The effect of user fee exemption on the utilization of maternal health care at mission health facilities in Malawi

This study evaluated the effect of user fee exemption on the utilization of maternal health services

Gerald Manthalu


Scholarcy highlights

  • Since the late 1990s, many low and middle countries have abolished user fees for health care or put in place exemption mechanisms in order to expand access to health care
  • This article asks whether user fee exemption at Christian Health Association of Malawi health facilities with service level agreements has led to increased utilization of antenatal, delivery and postpartum care at these facilities
  • In model, the coefficient on the SLA dummy shows that the mean proportion of women who made at least one antenatal care visits during pregnancy increased by 15% due to user fee exemption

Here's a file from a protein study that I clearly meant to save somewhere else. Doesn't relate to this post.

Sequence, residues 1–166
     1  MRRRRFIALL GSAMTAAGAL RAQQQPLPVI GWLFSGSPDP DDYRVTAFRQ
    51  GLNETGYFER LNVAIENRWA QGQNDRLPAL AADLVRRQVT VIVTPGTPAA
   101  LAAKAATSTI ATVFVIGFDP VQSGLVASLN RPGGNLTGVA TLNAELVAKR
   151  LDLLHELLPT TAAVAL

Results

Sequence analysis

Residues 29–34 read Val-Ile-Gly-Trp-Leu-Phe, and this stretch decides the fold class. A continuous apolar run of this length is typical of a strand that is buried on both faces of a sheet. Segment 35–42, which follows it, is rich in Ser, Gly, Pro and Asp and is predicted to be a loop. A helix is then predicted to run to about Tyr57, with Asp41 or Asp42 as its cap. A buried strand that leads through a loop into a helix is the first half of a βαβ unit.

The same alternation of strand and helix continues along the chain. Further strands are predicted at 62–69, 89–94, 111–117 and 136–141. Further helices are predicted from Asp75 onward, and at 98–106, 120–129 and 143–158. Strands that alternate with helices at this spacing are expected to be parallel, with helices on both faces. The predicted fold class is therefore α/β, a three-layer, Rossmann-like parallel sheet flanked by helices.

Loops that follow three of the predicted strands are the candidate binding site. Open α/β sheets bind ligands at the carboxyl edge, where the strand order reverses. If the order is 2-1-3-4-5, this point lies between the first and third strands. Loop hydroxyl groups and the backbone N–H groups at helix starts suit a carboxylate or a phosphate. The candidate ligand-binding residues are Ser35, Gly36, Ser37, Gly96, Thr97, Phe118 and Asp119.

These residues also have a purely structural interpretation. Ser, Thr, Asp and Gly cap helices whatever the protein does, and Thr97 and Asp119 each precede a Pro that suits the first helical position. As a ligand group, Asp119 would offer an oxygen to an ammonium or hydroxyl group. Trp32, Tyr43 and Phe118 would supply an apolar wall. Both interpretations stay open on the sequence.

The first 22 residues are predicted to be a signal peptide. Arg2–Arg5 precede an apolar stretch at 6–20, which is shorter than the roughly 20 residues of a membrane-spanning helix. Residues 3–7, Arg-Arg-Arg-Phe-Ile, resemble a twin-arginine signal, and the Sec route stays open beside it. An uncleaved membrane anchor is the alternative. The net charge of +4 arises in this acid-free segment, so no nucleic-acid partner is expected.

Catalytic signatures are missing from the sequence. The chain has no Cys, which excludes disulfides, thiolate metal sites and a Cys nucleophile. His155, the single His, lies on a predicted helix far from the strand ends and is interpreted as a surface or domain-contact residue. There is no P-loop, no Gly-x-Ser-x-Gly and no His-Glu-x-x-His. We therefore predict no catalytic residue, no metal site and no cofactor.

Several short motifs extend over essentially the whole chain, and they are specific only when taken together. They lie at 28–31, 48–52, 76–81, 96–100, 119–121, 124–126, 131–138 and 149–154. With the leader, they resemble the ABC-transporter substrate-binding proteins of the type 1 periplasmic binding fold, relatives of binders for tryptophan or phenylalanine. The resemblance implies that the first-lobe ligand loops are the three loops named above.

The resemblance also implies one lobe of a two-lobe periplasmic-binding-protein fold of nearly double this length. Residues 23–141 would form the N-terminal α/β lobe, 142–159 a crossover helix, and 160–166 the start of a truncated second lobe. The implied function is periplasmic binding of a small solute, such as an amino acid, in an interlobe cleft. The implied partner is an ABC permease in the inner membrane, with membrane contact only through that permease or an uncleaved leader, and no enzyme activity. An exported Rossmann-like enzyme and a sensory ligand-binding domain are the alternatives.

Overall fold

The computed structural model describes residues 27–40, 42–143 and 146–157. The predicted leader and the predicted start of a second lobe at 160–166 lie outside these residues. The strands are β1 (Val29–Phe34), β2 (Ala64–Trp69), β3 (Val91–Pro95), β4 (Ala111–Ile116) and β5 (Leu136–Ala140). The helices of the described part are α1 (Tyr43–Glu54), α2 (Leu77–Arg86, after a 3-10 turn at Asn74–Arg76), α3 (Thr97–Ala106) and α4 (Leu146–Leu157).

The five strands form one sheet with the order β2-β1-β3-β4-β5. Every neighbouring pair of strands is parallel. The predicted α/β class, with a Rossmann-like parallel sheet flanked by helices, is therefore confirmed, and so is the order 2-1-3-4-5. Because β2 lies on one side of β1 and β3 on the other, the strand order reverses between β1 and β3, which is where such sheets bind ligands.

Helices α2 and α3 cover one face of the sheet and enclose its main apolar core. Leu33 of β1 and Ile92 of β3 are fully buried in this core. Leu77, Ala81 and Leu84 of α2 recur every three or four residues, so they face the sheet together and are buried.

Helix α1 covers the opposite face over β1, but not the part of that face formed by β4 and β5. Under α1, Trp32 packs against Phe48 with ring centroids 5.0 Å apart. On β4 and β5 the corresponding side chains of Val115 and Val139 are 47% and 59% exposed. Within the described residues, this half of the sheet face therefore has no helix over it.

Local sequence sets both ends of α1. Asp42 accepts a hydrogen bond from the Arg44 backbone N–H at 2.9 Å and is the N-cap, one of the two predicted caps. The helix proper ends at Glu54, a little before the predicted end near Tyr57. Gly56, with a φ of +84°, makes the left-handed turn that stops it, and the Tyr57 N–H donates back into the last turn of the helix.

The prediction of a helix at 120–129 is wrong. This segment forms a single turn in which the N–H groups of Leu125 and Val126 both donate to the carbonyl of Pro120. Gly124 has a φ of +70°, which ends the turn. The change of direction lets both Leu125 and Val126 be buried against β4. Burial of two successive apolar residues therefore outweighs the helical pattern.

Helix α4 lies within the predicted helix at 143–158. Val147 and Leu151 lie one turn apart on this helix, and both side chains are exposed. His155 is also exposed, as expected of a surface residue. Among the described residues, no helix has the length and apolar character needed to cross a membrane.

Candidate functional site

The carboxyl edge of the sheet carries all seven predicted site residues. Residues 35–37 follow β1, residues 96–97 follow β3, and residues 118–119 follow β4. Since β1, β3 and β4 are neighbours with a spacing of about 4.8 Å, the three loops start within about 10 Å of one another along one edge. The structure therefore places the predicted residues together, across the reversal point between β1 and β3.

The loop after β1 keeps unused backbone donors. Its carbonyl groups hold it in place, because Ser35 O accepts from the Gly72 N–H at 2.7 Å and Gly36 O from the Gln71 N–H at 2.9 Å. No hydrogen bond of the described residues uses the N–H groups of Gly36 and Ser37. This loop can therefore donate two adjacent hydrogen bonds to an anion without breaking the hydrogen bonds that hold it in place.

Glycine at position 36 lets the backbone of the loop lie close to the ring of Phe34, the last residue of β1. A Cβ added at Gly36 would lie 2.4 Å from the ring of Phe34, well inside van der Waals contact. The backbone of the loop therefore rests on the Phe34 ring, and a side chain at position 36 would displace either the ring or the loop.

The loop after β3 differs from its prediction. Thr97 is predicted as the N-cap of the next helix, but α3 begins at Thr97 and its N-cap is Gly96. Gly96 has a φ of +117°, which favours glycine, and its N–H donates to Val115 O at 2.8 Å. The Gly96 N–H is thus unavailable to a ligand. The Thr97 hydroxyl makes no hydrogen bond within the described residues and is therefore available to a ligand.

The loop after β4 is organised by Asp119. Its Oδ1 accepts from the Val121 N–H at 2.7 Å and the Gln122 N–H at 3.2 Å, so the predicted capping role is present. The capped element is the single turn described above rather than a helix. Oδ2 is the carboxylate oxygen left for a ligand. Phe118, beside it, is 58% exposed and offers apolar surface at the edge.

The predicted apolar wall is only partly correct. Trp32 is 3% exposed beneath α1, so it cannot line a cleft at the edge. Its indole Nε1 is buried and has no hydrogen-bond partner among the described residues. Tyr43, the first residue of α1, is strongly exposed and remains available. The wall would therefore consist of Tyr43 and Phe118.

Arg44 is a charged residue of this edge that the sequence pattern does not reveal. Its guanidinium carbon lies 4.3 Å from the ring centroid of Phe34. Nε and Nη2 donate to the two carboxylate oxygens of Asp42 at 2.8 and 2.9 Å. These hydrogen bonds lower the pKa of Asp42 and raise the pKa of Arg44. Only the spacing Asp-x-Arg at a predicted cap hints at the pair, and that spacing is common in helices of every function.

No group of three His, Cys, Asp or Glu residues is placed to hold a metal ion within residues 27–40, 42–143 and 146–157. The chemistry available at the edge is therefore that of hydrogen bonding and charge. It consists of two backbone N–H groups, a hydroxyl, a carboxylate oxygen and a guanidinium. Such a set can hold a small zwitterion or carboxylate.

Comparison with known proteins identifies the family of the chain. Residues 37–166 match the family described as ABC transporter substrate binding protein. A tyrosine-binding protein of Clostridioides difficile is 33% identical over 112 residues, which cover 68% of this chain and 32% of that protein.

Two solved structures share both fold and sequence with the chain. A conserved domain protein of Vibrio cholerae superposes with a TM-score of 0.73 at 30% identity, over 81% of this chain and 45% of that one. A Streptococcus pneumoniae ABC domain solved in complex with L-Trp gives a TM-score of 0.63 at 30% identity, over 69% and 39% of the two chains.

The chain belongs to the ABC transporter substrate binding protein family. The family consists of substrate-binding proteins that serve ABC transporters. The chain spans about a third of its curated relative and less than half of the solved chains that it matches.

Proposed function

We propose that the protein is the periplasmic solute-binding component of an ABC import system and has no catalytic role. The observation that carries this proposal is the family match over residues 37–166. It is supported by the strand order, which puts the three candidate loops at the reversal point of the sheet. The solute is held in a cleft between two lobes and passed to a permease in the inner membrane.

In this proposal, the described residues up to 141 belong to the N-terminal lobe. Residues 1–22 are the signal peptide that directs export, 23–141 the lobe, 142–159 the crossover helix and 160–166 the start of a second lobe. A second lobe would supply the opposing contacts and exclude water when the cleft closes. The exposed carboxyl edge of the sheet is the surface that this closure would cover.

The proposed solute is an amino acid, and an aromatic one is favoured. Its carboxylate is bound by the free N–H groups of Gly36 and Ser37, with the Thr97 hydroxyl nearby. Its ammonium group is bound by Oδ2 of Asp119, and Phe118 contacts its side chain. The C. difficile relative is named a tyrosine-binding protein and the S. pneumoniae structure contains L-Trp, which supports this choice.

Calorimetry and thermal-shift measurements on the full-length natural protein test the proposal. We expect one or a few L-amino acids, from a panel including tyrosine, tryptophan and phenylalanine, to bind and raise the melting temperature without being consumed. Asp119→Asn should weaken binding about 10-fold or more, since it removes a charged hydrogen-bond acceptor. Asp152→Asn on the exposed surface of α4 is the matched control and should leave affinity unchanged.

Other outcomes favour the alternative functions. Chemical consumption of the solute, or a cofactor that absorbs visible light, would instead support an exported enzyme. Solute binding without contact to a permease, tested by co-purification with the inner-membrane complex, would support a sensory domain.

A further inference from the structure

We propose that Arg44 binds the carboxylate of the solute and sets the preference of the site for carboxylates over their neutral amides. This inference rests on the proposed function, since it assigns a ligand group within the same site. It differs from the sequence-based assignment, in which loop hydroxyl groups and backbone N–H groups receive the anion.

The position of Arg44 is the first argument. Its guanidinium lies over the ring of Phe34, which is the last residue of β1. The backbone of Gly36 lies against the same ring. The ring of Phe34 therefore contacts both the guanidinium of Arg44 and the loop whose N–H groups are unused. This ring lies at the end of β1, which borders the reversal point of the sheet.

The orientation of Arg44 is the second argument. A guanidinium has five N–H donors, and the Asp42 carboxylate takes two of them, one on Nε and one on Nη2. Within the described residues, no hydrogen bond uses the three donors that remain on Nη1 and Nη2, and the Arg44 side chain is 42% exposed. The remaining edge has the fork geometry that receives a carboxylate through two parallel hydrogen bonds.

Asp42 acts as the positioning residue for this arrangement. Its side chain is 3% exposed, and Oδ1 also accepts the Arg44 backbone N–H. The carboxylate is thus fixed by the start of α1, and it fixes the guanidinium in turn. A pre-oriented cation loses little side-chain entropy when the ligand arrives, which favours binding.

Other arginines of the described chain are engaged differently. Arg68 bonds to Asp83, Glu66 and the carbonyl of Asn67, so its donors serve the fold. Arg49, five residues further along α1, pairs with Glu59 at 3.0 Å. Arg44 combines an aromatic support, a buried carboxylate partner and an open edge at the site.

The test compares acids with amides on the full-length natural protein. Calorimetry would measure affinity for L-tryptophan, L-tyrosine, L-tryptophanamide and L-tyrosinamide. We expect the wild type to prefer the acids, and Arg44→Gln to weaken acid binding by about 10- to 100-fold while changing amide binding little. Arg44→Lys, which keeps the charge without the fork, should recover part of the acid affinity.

• User fee exemption at CHAM health facilities with SLAs led to an increase in the proportion of pregnant women who made at least one ANC visit during pregnancy, average ANC visits and deliveries while it had no effect on first ANC visits in the first trimester and postpartum care visits
  • This implies that, while user fee exemption is an important strategy for increasing maternal health care utilization, it may not have the same importance for different maternal health services
  • We recommend that user fee exemption be expanded to more eligible CHAM health facilities to increase utilization of the price-elastic services while the effects of other determinants such as cultural norms, risk attitudes, quality of maternal health care and health worker attitudes should be evaluated for the services for which utilization was not responsive to price change

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